Monthly Archives: August 2013

Get your CA Wine Month on.

It’s the most wonderful time of the year: California Wine Month!

In September, ripe grapes hanging heavy on the vine, golden fall sunshine and air filled with fruity aromas can mean only one thing: it’s time for harvest! To launch the harvest season, wine regions and wineries across the Golden State will celebrate the 9th annual September California Wine Month—organized by California’s Wine Institute.

From innovative wine immersion experiences to cool wine events, September is an ideal time to visit wine country, when the creative energy of California’s artisan winegrowers and winemakers meet the grapes and the process of producing the next great vintage begins. From Sept. 1-30, 2013, dozens of wineries in wine regions across California will host special consumer events and experiences celebrating the contributions of the state’s growers and vintners who are committed to earth- and people-friendly sustainable practices in vineyards and wineries.

CalWineMonth2013_PosterCan’t make it to wine country this fall? A great way to experience many of California’s wine regions in one stop is Wine Institute’s “California Wines Road Trip” multi-region tasting events in New York City and San Francisco. In New York City, Friday the 13th will be a lucky day for wine lovers who can sample wines at California Wine Merchants from 5–7:30 p.m. Later in the month, they can attend a ticketed New York City tasting event with more than 70 wines from 10 California regions at the Astor Center on Monday, Sept. 16 from 6–8 p.m. (click here for information and tickets); and enjoy in-store tastings that will take place throughout September across Manhattan and Brooklyn. In San Francisco, wine lovers can taste their way across the state’s regions on Saturday Sept. 21 from 2–5 p.m. in the Grand Hall of the Ferry Building, following its popular farmer’s market (click here for information and tickets).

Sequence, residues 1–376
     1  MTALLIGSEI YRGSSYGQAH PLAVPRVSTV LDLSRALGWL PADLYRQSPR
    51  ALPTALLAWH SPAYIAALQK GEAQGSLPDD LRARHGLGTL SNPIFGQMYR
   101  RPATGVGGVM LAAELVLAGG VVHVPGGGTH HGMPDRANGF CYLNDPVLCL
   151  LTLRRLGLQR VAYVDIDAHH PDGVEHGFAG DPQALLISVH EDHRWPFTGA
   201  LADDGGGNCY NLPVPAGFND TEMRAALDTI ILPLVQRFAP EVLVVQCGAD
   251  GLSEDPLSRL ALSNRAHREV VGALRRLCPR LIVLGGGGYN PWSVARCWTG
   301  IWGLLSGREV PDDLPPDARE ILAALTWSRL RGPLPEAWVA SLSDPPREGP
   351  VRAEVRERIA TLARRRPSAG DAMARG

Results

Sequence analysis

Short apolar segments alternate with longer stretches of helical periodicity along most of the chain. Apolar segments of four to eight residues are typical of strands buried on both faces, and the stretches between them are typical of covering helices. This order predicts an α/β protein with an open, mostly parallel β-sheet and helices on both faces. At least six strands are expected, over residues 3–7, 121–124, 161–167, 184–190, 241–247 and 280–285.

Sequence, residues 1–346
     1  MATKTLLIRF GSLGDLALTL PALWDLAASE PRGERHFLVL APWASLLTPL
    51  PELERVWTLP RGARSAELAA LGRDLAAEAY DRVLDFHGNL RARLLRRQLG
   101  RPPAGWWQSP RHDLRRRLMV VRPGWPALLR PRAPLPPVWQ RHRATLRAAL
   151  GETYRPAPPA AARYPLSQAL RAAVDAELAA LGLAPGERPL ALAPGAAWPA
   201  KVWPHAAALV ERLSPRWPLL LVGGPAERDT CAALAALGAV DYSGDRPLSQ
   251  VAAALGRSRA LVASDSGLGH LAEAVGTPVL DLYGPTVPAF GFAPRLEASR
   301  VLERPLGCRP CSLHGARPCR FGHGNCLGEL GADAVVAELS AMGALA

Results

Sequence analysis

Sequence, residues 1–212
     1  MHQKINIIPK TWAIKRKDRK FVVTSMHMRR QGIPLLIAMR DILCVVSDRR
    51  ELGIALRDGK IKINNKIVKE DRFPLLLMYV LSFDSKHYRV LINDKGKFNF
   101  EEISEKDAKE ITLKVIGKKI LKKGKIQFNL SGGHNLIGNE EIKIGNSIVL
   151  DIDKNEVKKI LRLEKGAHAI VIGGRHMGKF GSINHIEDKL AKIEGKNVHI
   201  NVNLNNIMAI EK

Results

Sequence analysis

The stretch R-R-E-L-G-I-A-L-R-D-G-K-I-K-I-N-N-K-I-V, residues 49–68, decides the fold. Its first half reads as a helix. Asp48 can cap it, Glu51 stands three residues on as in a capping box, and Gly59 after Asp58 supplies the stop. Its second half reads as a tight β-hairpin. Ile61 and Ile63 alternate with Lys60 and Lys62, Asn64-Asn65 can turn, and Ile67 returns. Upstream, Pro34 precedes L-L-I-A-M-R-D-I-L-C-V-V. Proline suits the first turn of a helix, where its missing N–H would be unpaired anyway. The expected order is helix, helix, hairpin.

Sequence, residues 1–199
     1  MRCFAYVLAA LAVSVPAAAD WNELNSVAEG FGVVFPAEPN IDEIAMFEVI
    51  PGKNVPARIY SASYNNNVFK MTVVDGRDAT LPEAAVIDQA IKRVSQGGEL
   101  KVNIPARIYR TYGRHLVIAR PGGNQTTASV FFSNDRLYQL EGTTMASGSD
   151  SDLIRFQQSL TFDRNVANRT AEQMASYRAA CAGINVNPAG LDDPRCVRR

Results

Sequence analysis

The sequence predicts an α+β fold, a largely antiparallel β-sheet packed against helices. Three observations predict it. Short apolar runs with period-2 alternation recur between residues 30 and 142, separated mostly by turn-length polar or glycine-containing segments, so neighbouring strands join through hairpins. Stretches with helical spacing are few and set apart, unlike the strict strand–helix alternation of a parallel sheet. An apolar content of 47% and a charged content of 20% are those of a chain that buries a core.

Press release from May 13, 2013 by the Wine Institute

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REPORT: Food Trends of the Moment

We at Parker Sanpei have a serious love affair with the Back Porch Bakery in San Luis Obispo, which began as a humble neighborhood haunt and is fast becoming the finest purveyor of “laminated and rustic dough”s around.

Recently, Dan, the owner and baker, has been making “cronuts,” which are a bizarre and outrageously delicious hybrid between donuts and croissants.  Originally designed by Dominique Ansel Bakery in NYC, the cronut has made its way into the hearts and bellies of thousands of Americans…including ours!